Belarus’s growing reliance on Russia poses a threat for countries alongside NATO’s eastern flank. Nonetheless, the peril from the Putin regime did not emerge until 2014 as Central European nations had seen Russia as the biggest security headache for their economy and politics much earlier than that. Yet they have not worked out a fully effective solution.
In September, the Zapad-2021 strategic military exercise will start at training grounds in Belarus and western Russia. Russia holds the Zapad military exercises every four years along with its Belarusian ally. This year’s edition is likely to bring a more showy attitude of Moscow as Belarus is getting more militarily engaged with Russia amid the political situation in the country whose incumbent leader Alexander Lukashenko sees Moscow as his only support. The upcoming Zapad-2021 drills will show to what extent these two countries integrated their military and whether it is necessary to adopt a new perception of this region. The Russia-Belarus rapprochement is particularly significant for NATO’s eastern flank amid the top strategic importance of the Russian exclave of Kaliningrad on the Baltic Sea. A tight alliance that Minsk has with Moscow and dispatching Russian troops to Belarus is deadly for what is known as the Suwałki Gap––a corridor on the Alliance’s territorial fringes linking the Baltic states to Poland and other NATO countries between Russia’s Kaliningrad and Belarus. Andrey Kartapolov, a senior official at Russia’s foreign ministry, said on August 20 that the joint Russian-Belarusian drills should show NATO allies there was no need to disturb the “Russian bear”.
A massive military buildup started westwards shortly after Russia had aggressed Ukraine. Furthermore, Moscow urged to intensify flights over the Baltic Sea while tensions went up in this part of Europe. In response, at the July 2016 summit in Warsaw, NATO allies pledged to strengthen the bloc’s eastern flank. Since then, they have been committed to pursuing the policy of deterrence while remaining open to dialogue with Russia. Yet Moscow rebuffs the idea of talks and is now beefing up its military potential in the Western Military District that Russian military strategists consider pivotal in a potential clash with the North Atlantic Alliance.
The Western Military District is now the most powerful of Russia’s five military districts. It is seeing constant updates to its stockpile; not only is the Russian military struggling to make some additions to the existing armies, corps, and divisions, but also it is creating new ones. In May 2021, Russian Defense Minister Sergei Shoigu said the Russian military would form 20 new units in the country’s west. “In total, the offensive potential of the Russian Army’s Land Forces in the western strategic direction was increased by over 50 percent in 2015–2020,” according to analysts from the Poland-based Center for Eastern Studies. Interestingly, Russia is adding more firepower to its Baltic exclave of Kaliningrad. Its location and reported Russian efforts to bolster both its defensive and offensive potential (by adding more tanks) raises concerns of a deteriorating position of Estonia, Latvia, Lithuania, and Poland––albeit to a lesser extent––when confronted with a potential attack from Russia.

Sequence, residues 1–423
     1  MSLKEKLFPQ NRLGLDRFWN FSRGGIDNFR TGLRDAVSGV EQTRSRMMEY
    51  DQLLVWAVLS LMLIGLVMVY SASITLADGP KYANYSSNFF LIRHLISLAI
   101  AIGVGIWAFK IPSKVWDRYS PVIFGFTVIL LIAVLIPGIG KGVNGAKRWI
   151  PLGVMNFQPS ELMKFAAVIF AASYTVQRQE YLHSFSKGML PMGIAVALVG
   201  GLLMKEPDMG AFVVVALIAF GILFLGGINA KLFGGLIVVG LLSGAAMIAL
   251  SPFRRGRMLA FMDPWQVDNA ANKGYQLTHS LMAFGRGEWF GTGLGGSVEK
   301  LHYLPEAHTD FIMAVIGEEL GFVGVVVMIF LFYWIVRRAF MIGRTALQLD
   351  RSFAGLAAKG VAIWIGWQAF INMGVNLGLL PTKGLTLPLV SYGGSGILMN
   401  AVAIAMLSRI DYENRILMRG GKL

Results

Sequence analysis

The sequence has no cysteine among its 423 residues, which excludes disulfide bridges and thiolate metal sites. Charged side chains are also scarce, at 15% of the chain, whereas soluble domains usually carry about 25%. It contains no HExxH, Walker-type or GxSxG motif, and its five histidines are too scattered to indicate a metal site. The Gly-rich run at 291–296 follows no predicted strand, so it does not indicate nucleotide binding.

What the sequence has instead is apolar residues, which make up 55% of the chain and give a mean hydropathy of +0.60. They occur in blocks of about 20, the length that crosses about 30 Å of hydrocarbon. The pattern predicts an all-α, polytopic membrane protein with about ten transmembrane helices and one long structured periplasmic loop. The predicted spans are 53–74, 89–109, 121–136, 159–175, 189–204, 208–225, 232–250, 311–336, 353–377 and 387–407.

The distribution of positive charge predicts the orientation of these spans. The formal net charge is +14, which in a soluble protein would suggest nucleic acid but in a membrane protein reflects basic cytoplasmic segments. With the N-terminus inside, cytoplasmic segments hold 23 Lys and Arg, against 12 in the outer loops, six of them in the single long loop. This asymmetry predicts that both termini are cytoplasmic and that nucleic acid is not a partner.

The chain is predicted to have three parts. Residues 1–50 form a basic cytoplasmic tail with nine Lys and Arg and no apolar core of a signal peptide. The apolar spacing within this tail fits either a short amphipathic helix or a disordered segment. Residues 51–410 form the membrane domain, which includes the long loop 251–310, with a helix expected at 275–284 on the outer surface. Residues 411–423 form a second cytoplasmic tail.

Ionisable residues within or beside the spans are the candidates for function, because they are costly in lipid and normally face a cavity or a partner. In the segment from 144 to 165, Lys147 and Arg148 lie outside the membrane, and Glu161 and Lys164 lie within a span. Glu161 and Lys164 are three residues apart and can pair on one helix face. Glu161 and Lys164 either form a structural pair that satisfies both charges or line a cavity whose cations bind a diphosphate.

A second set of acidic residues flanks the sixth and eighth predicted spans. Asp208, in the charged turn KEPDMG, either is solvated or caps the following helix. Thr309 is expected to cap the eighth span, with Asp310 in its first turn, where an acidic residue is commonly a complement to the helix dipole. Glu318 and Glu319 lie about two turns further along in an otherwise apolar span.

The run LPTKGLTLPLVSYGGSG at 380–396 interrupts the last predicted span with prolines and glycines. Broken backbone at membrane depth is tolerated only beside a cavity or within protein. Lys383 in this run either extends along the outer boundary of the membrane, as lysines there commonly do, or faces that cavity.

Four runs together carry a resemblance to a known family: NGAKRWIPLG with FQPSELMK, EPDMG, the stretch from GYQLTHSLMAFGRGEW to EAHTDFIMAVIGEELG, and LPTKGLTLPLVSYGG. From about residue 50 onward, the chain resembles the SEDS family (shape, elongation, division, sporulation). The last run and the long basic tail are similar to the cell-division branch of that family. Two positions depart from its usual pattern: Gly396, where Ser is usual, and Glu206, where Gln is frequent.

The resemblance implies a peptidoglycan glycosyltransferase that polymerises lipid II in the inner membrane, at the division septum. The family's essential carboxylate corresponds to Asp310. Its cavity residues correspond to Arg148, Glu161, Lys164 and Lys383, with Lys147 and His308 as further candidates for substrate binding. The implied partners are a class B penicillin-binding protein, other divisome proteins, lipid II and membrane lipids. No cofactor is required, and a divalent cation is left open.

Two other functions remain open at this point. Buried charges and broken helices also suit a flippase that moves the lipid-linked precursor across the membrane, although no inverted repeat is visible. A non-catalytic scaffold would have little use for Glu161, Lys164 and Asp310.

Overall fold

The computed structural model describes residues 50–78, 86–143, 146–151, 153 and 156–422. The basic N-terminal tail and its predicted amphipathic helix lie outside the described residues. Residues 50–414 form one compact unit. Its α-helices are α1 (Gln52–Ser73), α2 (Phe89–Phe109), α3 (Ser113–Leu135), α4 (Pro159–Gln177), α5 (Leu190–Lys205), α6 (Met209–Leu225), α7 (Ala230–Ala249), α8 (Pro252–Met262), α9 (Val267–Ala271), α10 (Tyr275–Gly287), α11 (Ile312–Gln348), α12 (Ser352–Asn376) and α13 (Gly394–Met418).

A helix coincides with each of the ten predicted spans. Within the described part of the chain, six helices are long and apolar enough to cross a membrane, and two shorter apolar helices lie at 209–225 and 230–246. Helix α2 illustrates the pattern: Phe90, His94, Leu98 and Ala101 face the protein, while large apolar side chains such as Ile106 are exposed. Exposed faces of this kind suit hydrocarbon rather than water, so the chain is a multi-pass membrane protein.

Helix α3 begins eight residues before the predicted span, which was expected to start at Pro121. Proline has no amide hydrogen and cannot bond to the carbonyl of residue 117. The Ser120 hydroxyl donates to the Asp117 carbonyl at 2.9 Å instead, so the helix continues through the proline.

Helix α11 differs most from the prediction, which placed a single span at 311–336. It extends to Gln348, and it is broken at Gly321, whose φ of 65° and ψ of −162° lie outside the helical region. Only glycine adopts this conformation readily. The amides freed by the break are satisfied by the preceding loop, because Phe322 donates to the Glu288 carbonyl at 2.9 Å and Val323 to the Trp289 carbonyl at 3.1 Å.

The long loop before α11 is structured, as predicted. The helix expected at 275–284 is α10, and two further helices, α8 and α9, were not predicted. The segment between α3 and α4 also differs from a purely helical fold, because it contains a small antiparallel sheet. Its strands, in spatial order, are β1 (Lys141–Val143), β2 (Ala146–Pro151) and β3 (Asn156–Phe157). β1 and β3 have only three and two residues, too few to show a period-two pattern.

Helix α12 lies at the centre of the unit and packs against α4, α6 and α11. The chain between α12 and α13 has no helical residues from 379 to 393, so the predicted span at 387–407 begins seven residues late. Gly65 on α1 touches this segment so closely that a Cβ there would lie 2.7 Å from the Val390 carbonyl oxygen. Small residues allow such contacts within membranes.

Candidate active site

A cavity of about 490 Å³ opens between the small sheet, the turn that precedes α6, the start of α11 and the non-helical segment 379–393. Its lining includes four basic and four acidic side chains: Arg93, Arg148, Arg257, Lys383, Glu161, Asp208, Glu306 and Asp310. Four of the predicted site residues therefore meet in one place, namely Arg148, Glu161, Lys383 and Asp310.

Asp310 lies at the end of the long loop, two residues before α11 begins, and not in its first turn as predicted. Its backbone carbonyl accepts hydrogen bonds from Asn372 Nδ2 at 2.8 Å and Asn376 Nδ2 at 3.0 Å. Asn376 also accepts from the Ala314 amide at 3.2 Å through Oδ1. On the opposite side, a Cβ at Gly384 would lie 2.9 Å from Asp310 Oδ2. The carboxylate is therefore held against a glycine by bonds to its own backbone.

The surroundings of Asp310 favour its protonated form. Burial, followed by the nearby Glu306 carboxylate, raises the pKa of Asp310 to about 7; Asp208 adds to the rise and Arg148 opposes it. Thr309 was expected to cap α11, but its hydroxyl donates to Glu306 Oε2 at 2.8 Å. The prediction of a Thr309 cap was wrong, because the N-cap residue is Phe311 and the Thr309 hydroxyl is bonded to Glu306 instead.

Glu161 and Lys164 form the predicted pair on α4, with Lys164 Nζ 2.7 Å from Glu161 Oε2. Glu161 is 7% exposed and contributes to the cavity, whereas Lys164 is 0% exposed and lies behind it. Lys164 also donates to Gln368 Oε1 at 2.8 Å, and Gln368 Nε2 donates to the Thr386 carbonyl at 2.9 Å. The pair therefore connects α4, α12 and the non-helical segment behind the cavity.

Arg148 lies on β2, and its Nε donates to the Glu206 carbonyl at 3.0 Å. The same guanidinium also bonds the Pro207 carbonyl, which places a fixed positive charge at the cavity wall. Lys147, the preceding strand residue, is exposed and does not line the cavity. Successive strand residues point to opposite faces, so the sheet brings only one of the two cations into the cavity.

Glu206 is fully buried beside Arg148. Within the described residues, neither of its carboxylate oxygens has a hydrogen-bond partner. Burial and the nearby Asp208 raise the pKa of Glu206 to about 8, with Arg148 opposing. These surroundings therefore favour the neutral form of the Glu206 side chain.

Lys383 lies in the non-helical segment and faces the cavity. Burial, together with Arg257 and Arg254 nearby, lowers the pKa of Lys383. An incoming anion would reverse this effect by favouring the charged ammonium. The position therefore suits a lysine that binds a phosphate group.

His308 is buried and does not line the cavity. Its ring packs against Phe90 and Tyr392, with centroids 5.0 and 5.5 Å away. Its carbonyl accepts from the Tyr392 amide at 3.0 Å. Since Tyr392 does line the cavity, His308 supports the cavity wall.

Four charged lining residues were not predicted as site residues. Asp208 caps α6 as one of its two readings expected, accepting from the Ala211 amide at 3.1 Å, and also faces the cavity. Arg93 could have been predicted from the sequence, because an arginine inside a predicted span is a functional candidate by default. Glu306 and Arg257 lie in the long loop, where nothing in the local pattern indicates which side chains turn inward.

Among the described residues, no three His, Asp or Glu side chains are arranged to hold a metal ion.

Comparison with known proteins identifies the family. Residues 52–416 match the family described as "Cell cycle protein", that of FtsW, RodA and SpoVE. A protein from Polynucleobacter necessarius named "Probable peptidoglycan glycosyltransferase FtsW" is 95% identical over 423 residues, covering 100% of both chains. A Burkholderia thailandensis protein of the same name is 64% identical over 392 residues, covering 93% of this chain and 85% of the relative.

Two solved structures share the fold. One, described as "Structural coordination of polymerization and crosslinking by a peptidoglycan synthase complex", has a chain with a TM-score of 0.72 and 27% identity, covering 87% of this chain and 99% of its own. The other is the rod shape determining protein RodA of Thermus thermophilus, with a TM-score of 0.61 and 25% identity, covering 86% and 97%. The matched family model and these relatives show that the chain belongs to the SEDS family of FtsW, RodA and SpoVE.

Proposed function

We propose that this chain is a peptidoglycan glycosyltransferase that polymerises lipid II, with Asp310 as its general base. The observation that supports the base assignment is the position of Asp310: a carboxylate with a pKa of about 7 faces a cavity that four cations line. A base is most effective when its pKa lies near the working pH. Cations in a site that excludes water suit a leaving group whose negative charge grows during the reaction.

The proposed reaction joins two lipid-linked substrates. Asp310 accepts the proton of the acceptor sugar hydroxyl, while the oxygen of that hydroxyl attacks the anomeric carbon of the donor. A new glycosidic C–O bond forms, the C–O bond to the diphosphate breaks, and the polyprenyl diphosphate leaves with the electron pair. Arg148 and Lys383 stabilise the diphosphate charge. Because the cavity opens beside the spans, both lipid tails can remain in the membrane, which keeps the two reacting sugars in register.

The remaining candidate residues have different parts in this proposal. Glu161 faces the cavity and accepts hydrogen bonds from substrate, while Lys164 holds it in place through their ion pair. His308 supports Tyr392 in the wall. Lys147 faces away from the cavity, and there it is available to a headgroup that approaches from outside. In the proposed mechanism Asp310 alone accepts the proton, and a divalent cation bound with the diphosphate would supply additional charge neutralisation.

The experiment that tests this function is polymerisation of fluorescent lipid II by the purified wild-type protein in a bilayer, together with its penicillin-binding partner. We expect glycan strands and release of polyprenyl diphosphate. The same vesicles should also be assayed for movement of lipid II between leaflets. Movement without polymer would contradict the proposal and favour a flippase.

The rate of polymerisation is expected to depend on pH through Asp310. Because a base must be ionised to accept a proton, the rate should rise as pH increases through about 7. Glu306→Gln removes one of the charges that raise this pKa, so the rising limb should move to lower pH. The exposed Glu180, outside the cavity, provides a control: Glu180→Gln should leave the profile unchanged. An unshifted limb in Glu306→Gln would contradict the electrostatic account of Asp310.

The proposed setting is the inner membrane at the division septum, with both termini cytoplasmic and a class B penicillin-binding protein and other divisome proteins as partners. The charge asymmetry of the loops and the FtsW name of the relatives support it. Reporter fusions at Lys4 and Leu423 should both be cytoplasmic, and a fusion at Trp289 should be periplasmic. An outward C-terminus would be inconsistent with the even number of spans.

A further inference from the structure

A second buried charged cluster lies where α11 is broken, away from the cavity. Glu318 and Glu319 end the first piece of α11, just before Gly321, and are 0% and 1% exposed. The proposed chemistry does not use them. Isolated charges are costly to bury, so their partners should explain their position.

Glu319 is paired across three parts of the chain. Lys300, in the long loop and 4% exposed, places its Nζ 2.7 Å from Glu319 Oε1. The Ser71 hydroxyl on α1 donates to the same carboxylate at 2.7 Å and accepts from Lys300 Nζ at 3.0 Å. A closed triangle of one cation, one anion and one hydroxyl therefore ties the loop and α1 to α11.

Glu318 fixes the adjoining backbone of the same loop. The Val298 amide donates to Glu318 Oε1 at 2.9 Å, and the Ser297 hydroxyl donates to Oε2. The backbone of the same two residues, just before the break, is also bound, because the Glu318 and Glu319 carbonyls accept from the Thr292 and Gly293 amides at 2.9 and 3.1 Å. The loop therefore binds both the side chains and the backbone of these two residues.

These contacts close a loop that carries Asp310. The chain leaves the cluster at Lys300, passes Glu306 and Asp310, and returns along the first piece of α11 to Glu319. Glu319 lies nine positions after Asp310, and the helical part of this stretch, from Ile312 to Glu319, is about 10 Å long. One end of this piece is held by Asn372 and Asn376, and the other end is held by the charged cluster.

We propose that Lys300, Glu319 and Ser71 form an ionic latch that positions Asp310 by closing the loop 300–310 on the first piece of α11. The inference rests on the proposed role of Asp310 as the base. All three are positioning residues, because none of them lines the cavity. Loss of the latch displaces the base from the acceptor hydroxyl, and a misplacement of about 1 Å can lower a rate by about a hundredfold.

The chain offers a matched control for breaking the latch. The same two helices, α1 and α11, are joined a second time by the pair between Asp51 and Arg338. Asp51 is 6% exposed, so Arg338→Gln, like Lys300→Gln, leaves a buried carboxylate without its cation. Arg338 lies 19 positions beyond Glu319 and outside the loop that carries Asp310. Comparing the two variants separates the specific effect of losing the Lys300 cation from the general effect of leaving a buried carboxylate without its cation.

Military capabilities of the bloc had earlier been known to be too modest to beat off possible aggression in the Baltic states. Some analytical models show that the Russian military––along with its multiple advantages over the region––could occupy this part of the Alliance with several dozen hours. First, this is due to the military weakness of Estonia, Latvia, and Lithuania, and secondly, to their location, along with a lengthy frontline with Russia, the Baltic Sea behind, and its isolation from fellow NATO members. There is just one bridge between NATO allies and it runs through the Suwałki Gap, a narrow piece of land connecting member states. Military buildup in Russia’s strategic Baltic exclave of Kaliningrad and the volatile situation in Belarus bring a more serious threat to the only strip of land linking the Baltic states to the rest of their allies. With its missile systems deployed to the exclave and the Baltic Fleet stationed there, Russia could easily cut off the Baltic states on land and discourage any relief missions at sea in the event of war.